I work on Park Avenue South, near Gramercy Park. Every morning, after parking on 18th Street, I make the short walk to the office, crossing Irving Place, which presents a view of Gramercy Park just two blocks up. This area is still relatively small scale, with a feeling of the old New York. Gramercy Park is privately owned by the residents of the buildings around it. If you don't have a key, you can't get in. The park is an oasis of peace in the bustle of the City, wedged at the end of Irving Place, between the roaring traffic of Park Avenue South on one side and Third Avenue on the other. Most of the buildings are relatively low, and some very elegant 19th century townhouses remain, particularly a beautiful row on the west side of the park. Looking across the park, you see the Chrysler Building towering far up the narrow cleft of Lexington Avenue. Quite a contrast.
This rather incongruous image makes for a beautiful view, one I take delight in each morning. The contrast between the Art Deco icon with its theatrical verticality and the guiet little island of Gramercy Park suggests how such contrast might be used in the garden. The rather crude image below (my Photoshop skills are very limited) gives you the idea: tall, square hornbeam columns amid the blousy perennial garden. Placement and size are only for trial; the positions and relative sizes will certainly change when I get around to the actual planting.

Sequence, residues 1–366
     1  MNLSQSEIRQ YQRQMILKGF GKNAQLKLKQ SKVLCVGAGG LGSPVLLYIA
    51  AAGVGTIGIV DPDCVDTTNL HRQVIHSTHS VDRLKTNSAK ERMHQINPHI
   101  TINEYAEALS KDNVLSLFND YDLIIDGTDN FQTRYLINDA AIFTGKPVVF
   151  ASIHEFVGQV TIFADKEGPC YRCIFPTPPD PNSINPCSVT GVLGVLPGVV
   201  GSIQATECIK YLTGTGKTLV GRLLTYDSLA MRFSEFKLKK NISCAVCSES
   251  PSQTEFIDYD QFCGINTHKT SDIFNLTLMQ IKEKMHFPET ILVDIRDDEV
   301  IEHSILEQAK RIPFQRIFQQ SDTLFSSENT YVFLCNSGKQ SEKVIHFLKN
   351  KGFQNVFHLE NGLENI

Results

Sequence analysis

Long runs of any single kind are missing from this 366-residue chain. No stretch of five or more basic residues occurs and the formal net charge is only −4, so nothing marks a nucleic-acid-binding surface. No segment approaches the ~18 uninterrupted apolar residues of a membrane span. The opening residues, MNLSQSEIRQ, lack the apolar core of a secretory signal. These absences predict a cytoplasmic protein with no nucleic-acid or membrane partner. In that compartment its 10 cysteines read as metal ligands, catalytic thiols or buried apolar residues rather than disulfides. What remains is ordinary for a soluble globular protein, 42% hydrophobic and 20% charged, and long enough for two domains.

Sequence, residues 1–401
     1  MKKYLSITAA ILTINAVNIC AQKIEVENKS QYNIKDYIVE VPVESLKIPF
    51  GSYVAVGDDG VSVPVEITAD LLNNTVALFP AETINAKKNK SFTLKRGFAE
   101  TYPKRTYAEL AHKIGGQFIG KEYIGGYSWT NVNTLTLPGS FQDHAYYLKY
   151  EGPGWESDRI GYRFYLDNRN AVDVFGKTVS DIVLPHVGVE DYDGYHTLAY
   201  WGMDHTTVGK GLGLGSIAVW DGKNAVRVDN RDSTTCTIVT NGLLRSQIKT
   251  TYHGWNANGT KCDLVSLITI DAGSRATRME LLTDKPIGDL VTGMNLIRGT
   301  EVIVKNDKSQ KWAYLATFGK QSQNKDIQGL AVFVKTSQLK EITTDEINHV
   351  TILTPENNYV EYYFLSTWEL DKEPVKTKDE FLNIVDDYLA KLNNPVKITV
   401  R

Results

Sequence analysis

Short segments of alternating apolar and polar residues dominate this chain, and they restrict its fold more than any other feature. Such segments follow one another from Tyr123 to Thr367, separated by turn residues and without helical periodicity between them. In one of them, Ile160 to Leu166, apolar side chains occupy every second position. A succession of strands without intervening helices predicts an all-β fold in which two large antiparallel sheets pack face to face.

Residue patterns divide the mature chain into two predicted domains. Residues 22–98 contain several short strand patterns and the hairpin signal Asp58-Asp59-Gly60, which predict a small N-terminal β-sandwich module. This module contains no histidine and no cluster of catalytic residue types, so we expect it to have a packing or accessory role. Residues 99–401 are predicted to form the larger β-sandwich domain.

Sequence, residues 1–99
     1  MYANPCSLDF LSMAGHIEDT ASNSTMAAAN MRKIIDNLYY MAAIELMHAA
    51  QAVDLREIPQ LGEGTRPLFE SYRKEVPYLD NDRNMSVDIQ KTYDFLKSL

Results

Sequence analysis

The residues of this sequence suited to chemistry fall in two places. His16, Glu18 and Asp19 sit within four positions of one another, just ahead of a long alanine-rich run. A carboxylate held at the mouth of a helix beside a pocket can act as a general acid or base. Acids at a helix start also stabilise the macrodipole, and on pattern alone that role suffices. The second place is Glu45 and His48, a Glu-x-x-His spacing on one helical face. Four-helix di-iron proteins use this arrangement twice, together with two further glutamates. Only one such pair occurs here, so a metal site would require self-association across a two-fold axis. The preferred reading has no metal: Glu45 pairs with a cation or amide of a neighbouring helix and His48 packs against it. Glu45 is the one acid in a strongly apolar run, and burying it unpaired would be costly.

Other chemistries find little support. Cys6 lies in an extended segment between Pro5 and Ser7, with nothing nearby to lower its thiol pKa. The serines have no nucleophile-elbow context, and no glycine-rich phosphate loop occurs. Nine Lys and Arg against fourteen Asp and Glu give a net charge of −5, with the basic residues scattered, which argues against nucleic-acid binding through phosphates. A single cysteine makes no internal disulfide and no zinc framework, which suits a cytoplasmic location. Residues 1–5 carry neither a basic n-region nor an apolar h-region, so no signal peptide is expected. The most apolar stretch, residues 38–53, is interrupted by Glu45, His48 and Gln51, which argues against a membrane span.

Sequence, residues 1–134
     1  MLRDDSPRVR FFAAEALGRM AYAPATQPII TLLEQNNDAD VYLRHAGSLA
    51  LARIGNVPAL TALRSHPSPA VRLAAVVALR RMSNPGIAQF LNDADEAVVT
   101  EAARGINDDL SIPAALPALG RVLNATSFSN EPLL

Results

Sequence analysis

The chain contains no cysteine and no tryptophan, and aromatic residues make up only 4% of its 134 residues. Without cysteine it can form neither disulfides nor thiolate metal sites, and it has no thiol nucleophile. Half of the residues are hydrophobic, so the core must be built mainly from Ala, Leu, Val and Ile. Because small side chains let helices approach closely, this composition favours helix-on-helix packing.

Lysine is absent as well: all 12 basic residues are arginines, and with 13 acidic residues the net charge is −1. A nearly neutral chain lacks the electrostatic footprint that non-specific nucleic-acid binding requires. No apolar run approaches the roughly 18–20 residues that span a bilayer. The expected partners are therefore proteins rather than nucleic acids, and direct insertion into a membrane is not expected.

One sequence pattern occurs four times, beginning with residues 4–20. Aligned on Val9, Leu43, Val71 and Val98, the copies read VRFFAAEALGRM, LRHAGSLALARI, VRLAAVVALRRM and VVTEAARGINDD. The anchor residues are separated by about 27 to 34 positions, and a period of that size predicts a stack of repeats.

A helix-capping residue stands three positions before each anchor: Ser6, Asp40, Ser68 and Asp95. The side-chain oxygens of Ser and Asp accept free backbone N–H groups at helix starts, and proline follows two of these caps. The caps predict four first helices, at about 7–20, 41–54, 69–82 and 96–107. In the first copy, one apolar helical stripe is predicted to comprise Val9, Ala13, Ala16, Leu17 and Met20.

My garden consists mostly of herbaceous perennials. While the many large perennials do give a sense of height, the overall effect is of a wild horizontal planting. Some strong, clean verticals would add an element of formality and a feeling of height. I've ordered some English hornbeams (Carpinus betulus) to grow into vertical topiary columns. I chose hornbeams because they make great looking hedges, even retaining their brown leaves into winter, and they may be able to thrive in my wet clay. One full year should tell the tale.